[ Question ]

What are good defense mechanisms against dangerous bullet biting?

by Mati_Roy 1 min read21st Apr 202015 comments


Some beliefs seem to naively imply radical and dangerous actions. But there often are rational reasons to not act on those beliefs. Knowing those reasons is really important for those that don't have a natural defense mechanism.

Most people have a natural defense mechanism which is to not taking ideas seriously. If you just follow what others do, it's less likely that an error in your explicit reasoning will lead you to doing something radical and dangerous. The more likely you are to make such errors, the most (evolutionary and individually) advantageous it is for you to have a conformist instinct.

The answer to this question is mostly meant for people to which I want to share ideas that are dangerous if taken at face value / object-level (I want to make sure they have those defense mechanisms first; I encourage you do the same, and do your due diligences when discussing dangerous ideas; this post is not sufficient). I want to advocate to smart people to take ideas more seriously, but I don't want them to fully repress their conformist instincts, especially if they haven't built in explicit defense mechanisms. This post should also be useful for people already not having those defense mechanism. And also useful to people that want to better understand the function of conformity (although conformity is not the only defense mechanism).

Note that the defense mechanisms are not meant as fully general counterargument. They are not insurmontable (at least, not always), they just indicate when it's prudent to want more evidence.

As a small tangent, is also often has a positive externality to do exploration:

Like it’s rational for any individual to be pursuing much more heavily exploitation based strategy as long as someone somewhere else is creating the information and part of what I find kind of charming and counterintuitive about this is that you realize people who are very exploratory by nature are performing a public service. (source: Computersciencealgorithmstacklefundamentalanduniversalproblems.Cantheyhelpuslivebetter,oristhatafalse hope?)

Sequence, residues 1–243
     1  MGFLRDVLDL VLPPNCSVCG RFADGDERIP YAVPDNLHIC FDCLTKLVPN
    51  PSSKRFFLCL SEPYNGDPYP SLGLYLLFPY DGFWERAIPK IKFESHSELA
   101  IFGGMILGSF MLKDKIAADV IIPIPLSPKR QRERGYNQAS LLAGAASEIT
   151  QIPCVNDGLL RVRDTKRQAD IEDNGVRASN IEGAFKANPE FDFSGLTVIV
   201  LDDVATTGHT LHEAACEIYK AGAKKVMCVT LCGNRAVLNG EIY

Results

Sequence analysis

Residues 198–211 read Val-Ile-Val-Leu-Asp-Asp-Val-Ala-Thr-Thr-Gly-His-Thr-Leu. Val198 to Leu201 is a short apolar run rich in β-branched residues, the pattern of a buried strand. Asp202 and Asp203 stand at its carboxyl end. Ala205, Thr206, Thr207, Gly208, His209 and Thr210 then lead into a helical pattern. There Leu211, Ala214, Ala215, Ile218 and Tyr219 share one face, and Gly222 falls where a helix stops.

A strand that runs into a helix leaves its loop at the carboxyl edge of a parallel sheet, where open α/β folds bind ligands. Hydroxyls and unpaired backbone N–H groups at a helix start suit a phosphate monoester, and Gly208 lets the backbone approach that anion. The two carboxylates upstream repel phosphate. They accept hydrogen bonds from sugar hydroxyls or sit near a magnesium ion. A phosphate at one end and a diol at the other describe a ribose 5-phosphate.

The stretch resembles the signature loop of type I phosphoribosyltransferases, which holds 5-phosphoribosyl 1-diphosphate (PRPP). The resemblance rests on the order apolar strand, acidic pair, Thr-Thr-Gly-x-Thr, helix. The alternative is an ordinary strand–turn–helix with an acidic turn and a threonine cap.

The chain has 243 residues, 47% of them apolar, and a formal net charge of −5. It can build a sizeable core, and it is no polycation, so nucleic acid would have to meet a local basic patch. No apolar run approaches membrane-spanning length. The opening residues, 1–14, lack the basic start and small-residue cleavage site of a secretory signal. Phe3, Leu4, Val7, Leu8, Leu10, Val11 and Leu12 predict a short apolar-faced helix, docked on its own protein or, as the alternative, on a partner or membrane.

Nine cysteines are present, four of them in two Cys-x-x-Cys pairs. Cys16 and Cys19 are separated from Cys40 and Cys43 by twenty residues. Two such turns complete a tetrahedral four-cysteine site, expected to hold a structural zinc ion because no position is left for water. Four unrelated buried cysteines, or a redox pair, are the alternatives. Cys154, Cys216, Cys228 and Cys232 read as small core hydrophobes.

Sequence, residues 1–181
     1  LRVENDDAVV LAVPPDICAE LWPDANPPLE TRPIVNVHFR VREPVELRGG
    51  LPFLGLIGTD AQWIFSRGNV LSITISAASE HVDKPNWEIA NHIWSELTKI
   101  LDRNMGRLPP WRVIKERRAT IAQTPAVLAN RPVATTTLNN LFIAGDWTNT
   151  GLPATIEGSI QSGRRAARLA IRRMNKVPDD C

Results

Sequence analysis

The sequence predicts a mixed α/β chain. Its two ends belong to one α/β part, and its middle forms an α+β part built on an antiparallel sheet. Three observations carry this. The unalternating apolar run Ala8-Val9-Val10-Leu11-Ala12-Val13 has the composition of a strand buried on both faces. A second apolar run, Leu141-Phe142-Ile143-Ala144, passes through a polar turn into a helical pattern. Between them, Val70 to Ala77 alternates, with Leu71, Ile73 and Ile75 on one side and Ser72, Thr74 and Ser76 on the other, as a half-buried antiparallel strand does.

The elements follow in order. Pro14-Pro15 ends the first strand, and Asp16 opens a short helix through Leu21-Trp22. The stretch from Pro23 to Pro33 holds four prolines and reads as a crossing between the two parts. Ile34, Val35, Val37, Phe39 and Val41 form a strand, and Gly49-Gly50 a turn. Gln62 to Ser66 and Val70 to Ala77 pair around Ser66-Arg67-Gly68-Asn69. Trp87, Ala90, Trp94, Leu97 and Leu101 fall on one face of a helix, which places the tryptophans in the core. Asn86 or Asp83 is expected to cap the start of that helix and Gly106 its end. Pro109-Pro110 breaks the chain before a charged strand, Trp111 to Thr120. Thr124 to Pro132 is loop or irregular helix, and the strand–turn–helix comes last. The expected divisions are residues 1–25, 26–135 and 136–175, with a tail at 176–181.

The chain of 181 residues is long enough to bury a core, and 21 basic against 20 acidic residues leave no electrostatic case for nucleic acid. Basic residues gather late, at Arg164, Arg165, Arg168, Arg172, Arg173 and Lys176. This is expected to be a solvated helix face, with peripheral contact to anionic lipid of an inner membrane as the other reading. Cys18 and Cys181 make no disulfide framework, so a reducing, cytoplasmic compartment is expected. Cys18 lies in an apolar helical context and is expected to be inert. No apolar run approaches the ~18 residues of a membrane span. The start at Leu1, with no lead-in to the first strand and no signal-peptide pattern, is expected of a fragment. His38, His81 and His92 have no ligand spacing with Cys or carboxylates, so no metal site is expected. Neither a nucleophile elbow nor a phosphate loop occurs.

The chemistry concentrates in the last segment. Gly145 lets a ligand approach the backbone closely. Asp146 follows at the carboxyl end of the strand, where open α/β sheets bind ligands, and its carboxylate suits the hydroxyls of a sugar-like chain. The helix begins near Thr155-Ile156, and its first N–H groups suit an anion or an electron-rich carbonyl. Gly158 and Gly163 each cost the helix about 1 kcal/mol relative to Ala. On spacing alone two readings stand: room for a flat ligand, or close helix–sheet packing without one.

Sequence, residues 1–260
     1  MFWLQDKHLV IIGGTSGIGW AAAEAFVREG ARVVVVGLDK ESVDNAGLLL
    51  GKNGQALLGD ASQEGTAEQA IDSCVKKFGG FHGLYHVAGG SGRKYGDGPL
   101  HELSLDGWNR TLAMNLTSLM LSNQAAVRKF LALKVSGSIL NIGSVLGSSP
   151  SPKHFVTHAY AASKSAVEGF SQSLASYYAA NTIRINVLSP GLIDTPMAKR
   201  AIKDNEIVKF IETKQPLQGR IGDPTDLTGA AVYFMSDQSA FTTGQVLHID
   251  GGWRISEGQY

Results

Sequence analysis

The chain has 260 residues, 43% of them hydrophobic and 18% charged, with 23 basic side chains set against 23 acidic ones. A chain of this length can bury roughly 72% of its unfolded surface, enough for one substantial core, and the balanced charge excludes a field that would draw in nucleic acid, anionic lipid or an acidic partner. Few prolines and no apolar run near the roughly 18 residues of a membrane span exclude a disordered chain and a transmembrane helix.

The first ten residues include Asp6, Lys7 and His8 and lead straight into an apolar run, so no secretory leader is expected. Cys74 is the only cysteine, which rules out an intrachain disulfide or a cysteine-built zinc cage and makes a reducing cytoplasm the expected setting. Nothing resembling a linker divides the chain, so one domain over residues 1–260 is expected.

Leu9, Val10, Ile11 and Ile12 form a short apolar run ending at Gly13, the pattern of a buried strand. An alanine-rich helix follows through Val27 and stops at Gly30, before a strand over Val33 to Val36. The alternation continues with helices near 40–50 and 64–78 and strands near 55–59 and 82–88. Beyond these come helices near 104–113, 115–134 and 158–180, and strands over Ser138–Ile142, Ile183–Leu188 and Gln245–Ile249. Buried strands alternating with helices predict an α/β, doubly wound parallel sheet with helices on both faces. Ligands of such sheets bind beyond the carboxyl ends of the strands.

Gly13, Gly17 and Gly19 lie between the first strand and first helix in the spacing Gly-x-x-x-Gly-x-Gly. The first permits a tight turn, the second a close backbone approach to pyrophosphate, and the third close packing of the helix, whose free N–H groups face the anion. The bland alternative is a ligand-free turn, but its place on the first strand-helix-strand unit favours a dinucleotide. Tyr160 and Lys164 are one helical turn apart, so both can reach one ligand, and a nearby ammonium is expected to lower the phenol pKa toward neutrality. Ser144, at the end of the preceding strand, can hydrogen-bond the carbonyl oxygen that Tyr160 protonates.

I will post my answer below.


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Model uncertainty

Even if your model says there's a high probability of X, it doesn't mean X is very likely. You also need to take into account the probability that the model itself is right. See: When the uncertainty about the model is higher than the uncertainty in the model For example, you could ask yourself: what's the probability that I could read something that changed my mind about the validity of this model?

Beliefs vs impressions

Even if you have the impression that X is true, it might still be prudent to believe that maybe ~X if:

  • a lot of people you (otherwise) trust epistemologically disagree
  • a lot of our thinking on this seems still confused
  • it seems like we're still making progress on the topic
  • it seems likely that there's a lot of unknown unknowns
  • this type of question has a poor track record at being tackled accurately
  • you have been wrong with similar beliefs in the past
  • etc.

See: Beliefs vs impressions

Option value

Option value is generally useful; it's a convergent instrumental goal. Even if you are confident about some model of the world or moral framework, it might still remain a priority to keep your options open just in case your wrong. See Hard-to-reverse decisions destroy option value.

Group rationality

Promoting a norm of taking actions even when they are based on a model of the world few people share seems bad. See Unilateralist’s curse